Our World, Improved

Light bulbs, ironing boards, traffic signals. These seem like everyday fixtures of regular life…but can you imagine living without them? 

These items were once just ideas in the heads of frustrated people who saw a problem and formulated a solution. Think of the naysayers. The scoffers. The “It’s Always Been Done This Way”-ers. In a world of skeptics, a few bold inventors dared to walk a different path—and our world has been shaped for the better because of it. 

Do you have an idea that seems too crazy to work? And if so…what’s stopping you from making it a reality?

Sarah Boone

The next time you’re getting ready for a job interview, you can credit Sarah Boone for helping you press that stubborn wrinkle out of your shirt. Born enslaved in North Carolina in 1832, she moved with her husband to Connecticut where she attained freed status and worked as a dressmaker. Quickly, Boone noticed that the current ironing board of the time wasn’t ergonomic and didn’t quite get the job done.

Boone got to work sketching out a design for an improved ironing board. Because of her previously enslaved status, Boone was uneducated and illiterate, but also undeterred. Getting the patent itself was no small feat for a woman (let alone a Black woman) but understanding the paperwork involved meant that Boone had significant hurdles just accomplishing what, for a white man, would be considered the bare minimum. Nevertheless, she persisted.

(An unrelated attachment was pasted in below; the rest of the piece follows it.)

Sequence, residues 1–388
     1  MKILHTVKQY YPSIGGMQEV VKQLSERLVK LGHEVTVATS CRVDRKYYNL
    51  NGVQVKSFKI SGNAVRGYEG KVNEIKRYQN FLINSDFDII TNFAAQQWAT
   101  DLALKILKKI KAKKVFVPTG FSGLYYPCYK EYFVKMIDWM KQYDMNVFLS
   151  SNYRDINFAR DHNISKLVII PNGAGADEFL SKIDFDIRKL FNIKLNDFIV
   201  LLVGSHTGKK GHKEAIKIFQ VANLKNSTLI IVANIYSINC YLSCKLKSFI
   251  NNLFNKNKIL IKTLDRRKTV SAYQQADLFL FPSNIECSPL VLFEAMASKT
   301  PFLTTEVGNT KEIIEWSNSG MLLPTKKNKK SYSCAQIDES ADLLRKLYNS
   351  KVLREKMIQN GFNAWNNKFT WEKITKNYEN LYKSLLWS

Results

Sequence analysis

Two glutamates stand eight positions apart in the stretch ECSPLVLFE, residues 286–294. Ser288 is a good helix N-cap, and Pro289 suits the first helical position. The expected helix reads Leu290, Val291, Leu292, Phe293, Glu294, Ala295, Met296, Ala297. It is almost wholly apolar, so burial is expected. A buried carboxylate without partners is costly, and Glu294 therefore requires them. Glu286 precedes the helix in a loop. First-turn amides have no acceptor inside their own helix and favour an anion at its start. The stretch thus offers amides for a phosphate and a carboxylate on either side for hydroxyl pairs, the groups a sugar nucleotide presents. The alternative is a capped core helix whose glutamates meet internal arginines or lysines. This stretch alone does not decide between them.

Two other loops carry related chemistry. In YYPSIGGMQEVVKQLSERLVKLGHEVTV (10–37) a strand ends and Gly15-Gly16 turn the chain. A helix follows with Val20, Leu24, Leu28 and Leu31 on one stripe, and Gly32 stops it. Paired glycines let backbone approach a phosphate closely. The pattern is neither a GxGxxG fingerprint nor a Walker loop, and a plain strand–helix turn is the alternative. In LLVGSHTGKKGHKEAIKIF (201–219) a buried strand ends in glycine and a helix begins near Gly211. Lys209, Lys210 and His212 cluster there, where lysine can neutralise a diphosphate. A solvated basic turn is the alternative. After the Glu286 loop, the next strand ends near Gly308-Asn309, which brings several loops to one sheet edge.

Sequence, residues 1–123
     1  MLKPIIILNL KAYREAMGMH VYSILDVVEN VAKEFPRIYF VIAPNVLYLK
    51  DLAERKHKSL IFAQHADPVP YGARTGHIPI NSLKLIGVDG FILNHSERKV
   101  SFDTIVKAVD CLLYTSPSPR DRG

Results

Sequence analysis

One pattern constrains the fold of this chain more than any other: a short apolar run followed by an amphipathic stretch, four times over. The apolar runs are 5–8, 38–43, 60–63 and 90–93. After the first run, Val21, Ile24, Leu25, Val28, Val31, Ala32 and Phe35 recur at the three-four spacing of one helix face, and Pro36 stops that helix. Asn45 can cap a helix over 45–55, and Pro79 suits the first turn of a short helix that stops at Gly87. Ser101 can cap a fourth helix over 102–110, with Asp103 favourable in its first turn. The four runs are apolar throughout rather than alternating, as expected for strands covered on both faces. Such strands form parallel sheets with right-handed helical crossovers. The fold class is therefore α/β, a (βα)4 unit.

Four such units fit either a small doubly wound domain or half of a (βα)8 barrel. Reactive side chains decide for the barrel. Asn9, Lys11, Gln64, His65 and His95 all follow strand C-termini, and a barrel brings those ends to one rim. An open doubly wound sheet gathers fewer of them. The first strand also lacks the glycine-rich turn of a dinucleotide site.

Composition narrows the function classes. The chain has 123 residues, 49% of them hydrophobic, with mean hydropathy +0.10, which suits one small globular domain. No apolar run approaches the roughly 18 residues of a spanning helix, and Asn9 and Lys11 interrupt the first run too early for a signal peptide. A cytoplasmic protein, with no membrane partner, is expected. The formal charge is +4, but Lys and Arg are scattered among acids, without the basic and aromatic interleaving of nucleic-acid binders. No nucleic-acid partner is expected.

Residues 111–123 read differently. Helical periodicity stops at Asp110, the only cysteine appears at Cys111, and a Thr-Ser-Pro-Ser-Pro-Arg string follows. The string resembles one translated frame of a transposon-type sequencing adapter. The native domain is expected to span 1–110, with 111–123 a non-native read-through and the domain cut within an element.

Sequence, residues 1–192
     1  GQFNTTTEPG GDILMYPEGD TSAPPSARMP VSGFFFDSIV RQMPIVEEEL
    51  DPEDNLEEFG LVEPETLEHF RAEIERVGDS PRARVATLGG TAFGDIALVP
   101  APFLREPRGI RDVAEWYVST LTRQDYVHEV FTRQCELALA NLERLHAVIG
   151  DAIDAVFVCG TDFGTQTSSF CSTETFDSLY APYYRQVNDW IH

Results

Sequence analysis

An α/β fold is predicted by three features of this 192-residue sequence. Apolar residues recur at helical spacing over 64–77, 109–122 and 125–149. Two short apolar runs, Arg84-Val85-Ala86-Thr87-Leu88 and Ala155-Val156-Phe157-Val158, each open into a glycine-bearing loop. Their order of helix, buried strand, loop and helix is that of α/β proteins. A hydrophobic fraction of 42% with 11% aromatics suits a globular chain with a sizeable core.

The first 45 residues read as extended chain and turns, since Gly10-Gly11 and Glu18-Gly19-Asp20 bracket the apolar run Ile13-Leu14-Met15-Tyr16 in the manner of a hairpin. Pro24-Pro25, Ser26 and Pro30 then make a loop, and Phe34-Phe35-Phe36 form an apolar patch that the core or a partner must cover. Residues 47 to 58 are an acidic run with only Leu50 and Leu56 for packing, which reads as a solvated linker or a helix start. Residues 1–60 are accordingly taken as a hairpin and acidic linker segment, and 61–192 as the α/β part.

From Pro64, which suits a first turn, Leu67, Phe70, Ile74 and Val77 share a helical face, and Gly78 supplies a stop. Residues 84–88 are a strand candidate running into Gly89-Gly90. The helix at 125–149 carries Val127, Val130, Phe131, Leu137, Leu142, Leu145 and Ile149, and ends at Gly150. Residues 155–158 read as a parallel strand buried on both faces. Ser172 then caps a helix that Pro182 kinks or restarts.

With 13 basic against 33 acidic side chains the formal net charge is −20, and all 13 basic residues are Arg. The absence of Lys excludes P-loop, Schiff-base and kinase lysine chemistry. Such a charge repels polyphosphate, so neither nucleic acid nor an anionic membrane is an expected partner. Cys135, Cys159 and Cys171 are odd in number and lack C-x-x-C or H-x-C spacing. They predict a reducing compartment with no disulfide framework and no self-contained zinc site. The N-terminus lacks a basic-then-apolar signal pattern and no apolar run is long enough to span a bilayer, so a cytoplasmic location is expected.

Boone’s patent for an improved ironing board was granted in 1892, which not only made her one of the first Black women to receive a patent in the United States, but one of the first women in general. In a time when women were considered second-class citizens, this invention spoke volumes. 

Sarah Boone died 12 years after her patent was granted, and little is known about whether her improved ironing board design brought her the financial success she deserved during her lifetime. However, what is known for certain is that Boone’s innovation became a worldwide household item. Her ironing board has helped people look their best before they land their dream jobs, win well-deserved internships, and fall in love. Though she may not have profited directly, her inventive spirit has touched all our lives.